As the tabulations of the Hot 100 have shifted, that cross-genre chart has become more susceptible to trends among radio programmers and consumers. In recent years, this has particularly affected those artists whose music checks multiple boxes, or even the wrong one. While Beyoncé is rightly considered one of pop’s premier artists, she didn’t have a chart-topping single between November 2008, when “Single Ladies (Put A Ring On It)” was in the pole position, and December 2017—and that was through a featured credit on an Ed Sheeran song (the goopy “Perfect”). The Hot 100’s ever-mutating formula shut out the pop-art explosion video for “Countdown” and the “If It Isn’t Love”-saluting clip for “Love On Top”; both came out in 2011, two years before YouTube stats were incorporated into the big chart’s formulas. And her keeping Lemonade off Spotify was a big part of why no song from that watershed album cracked the top 10.
Beyond Beyoncé, though, R&B seemingly fell out of favor among pop programmers in the late 2000s, a trend that was accelerated by radio consolidation, programmers doubling down on tight-ship formatting, the rise of the less-grooving style of music shorthanded as “EDM,” and the increased presence of sports talk, a longtime staple of the AM band, on the FM dial. While that didn’t alter Beyoncé’s musical trajectory very much, it did leave R&B artists—even ones with proven track records, like the silvery-voiced Amerie and the human-condition observer Ne-Yo—in what seemed like eternal turnaround. Amerie’s joyously resilient “Gotta Work” found its biggest audience when it boomed out of NBA All-Star Game promos; Ne-Yo, meanwhile, had his greatest chart successes when he played Pitbull’s foil, giving a winsomeness to hope-tinged EDM bangers like “Time of My Life.”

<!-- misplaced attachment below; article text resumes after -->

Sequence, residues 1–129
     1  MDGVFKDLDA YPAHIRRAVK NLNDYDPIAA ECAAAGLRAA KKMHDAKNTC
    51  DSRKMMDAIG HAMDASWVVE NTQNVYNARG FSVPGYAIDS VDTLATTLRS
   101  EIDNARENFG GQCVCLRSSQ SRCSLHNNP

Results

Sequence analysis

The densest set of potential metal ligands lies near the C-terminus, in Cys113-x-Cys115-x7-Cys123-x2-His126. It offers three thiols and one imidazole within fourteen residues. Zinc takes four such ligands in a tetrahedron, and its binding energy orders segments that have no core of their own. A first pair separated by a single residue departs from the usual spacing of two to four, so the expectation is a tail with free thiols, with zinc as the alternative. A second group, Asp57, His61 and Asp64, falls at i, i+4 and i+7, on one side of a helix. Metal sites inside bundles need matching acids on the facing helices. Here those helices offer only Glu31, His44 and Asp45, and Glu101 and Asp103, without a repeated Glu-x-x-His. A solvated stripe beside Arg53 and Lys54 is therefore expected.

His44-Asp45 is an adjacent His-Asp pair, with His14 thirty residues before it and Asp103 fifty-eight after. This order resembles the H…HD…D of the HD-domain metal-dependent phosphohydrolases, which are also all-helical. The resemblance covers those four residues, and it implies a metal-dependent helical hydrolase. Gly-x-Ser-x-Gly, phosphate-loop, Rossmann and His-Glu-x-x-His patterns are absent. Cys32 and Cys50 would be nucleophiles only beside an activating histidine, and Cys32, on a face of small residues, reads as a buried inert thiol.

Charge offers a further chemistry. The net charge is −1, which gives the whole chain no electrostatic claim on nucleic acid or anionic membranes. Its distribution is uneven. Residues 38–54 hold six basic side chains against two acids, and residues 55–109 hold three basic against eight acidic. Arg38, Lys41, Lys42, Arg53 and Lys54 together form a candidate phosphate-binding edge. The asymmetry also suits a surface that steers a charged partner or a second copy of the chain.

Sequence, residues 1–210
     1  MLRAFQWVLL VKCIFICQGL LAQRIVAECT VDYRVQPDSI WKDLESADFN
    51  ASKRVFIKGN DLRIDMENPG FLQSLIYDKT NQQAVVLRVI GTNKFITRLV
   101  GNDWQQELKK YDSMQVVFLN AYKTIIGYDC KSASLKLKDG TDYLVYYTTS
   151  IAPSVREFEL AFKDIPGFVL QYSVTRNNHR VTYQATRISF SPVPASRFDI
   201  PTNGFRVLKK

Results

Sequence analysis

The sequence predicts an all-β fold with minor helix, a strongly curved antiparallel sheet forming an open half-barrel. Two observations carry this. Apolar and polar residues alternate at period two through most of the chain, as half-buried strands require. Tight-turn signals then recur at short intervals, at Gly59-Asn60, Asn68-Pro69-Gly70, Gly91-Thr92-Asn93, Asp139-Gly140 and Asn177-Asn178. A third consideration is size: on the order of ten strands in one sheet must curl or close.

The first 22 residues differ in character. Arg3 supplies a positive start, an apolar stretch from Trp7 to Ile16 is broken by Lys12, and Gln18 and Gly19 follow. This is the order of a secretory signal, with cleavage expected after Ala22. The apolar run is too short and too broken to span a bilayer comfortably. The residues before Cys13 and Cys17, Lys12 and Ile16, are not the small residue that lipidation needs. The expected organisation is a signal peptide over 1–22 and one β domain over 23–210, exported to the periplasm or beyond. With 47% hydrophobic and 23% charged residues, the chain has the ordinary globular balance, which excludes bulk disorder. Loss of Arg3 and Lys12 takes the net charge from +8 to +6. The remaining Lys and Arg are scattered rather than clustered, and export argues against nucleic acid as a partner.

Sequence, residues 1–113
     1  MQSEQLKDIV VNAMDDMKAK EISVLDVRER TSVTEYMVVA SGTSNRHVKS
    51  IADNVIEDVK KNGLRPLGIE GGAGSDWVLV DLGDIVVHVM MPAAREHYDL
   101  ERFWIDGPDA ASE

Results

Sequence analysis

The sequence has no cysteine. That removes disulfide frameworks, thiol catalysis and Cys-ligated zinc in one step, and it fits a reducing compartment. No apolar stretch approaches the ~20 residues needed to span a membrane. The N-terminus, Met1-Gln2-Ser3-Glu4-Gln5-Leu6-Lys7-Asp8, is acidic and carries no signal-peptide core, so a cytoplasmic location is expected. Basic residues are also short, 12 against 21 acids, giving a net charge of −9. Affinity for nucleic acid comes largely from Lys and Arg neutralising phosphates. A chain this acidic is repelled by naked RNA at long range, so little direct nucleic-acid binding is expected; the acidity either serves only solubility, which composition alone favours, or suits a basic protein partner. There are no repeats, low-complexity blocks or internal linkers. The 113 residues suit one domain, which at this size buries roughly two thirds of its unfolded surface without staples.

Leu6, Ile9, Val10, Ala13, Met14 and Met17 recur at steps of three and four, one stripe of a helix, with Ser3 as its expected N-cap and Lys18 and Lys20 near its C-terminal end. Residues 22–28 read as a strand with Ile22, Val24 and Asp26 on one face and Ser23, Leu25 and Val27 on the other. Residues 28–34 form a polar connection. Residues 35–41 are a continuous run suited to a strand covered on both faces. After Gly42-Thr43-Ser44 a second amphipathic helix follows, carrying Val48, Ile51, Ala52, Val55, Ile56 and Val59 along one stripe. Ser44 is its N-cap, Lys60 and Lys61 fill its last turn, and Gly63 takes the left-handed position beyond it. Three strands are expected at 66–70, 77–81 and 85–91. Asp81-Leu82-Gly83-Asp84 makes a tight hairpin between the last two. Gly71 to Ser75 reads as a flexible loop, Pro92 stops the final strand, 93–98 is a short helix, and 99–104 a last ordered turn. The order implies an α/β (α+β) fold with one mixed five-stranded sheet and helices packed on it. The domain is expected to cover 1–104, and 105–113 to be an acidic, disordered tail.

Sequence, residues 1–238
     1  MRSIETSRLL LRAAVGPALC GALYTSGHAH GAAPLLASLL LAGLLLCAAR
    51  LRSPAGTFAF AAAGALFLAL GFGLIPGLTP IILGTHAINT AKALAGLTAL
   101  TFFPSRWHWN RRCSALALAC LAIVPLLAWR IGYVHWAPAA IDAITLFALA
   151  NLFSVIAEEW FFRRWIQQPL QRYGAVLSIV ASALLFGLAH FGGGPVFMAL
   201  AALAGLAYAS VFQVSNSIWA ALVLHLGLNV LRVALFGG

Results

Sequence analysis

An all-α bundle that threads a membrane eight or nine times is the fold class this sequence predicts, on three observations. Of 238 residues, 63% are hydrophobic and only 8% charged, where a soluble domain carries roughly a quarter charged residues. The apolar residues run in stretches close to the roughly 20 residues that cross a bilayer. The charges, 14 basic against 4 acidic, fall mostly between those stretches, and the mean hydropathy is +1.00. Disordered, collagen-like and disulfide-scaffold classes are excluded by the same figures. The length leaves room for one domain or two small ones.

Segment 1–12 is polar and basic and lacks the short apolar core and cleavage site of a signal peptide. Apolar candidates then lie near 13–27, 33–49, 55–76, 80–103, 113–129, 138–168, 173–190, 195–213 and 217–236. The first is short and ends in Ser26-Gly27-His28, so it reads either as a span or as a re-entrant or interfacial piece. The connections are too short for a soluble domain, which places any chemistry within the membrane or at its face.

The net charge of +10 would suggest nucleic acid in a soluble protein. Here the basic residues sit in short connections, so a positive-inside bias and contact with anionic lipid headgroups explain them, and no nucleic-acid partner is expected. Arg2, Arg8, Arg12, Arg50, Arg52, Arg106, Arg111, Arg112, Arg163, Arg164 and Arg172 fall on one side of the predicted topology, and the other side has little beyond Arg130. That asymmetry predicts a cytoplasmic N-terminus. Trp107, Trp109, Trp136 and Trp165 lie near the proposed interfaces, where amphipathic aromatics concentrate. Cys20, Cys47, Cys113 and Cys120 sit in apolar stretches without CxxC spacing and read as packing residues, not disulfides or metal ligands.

More than five decades after “River Deep, Mountain High” was rejected by American programmers and listeners, artists who want to identify as pop while also bridging genres are still finding if not outright resistance, at least confusion from the more conservative-minded people out there (and in boardrooms). But they’re soldiering on, and as Miguel’s Kacey Musgrave-assisted country rework of his psych-funk track “Waves” shows, they’re continuing Tina Turner’s legacy of resisting classification, and—like her—they’re doing so loudly and proudly.